NEW YORK: The dollar traded mostly lower against its main rivals Tuesday on news of robust eurozone growth and a sharper than expected widening in the US trade deficit in December.
The euro fetched 1.3037 dollars at 2200 GMT, against 1.2963 late Monday in New York.
The dollar was meanwhile trading at 121.11 yen, down from 121.91 on Monday.
The euro experienced a broad-based rally after strong figures on gross domestic product (GDP) growth and a rise in the German ZEW expectations indicator were reported.
Fourth-quarter eurozone growth came to 0.9 percent from the third quarter, above market consensus for a gain of 0.5 percent.
In Germany, the ZEW economic expectations index rose for the third month in a row to 2.9 in February from minus 3.6 in January. Although below an expected improvement to 9.0, the ZEW report said the index would keep rising in March.
“Fourth-quarter GDP figures confirm that the eurozone economy ended last year with plenty of momentum, while the continued strength of forward-looking indicators like the German ZEW survey suggest that growth is likely to remain solid in 2007,” said Jennifer Upham at Capital Economics.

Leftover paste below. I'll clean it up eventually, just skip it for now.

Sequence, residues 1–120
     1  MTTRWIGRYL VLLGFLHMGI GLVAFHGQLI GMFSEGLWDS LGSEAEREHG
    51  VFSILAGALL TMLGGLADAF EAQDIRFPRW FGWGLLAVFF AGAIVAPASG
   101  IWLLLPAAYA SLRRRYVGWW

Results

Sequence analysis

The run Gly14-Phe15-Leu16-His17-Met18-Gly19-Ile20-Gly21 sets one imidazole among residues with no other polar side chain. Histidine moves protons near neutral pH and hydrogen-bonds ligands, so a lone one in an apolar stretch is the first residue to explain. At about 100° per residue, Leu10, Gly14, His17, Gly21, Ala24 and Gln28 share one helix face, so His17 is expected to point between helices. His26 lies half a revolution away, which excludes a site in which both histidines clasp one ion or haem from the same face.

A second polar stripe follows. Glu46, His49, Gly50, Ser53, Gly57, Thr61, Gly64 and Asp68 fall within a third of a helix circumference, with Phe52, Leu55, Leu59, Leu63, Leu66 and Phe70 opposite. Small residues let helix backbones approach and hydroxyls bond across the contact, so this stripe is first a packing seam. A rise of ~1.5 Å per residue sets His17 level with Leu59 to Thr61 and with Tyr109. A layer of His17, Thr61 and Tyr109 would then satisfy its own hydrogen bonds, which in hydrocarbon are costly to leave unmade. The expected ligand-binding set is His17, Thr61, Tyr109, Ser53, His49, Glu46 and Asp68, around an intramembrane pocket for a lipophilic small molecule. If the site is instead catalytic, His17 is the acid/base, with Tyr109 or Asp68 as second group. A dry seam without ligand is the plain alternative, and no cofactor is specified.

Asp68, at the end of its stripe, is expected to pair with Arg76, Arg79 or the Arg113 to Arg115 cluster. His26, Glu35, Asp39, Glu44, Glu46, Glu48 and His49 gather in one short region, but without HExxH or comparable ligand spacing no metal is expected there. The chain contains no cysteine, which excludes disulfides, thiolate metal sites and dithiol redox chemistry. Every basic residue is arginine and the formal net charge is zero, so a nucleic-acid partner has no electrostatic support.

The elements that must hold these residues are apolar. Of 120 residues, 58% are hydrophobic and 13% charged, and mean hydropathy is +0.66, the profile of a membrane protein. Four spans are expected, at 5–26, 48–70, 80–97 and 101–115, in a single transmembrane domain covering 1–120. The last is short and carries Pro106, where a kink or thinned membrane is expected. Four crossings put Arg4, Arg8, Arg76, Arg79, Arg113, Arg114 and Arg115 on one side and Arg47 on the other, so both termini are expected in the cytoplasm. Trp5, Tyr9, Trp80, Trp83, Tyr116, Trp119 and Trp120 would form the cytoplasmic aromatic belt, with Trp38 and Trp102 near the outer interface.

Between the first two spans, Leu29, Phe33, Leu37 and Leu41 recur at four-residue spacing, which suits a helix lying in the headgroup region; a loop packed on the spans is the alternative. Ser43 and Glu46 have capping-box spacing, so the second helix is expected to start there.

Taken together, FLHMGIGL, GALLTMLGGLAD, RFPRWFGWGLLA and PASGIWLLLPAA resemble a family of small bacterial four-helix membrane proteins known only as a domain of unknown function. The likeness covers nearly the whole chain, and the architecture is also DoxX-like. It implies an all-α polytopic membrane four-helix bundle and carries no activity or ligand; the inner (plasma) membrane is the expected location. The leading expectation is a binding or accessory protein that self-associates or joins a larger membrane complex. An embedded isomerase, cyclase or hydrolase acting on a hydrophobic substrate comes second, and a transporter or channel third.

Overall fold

The euro extended gains against the dollar after data showed the US trade deficit widened to 61.2 billion dollars in December from 58.1 billion dollars in November. It was the highest monthly total since September’s 64.4 billion and eclipsed market expectations of 59.5 billion dollars.
Analysts said the shortfall could prompt a lowering in the US economic growth figure in the fourth quarter, which according to the first estimate came to 3.5 percent.
A weakening economy could discourage the US Federal Reserve from raising interest rates and thereby making the dollar more attractive.
US Federal Reserve Chairman Ben Bernanke is to give his semi-annual monetary policy report to Congress on Wednesday. Analysts expect him to be slightly more upbeat about the US economy and to maintain his monetary tightening bias.
Analysts said the markets will be watching to see if Bernanke highlights the “soft landing” scenario for the economy or echoes some of the comments of his central bank colleagues on inflation concerns.
“Given the recent verbiage coming out of the Fed minutes, it will be interesting to see how the chairman positions inflation concerns alongside of often tepid and inconsistent economic data,” said Garry Duncan at PNC Bank.
“Suffice to say that the markets will be closely monitoring each of the chairman’s two days of testimony.”
In late New York trade, the dollar stood at 1.2467 Swiss francs after 1.2535 Monday.
The pound was being traded at 1.9464 dollars, from 1.9475 on Monday.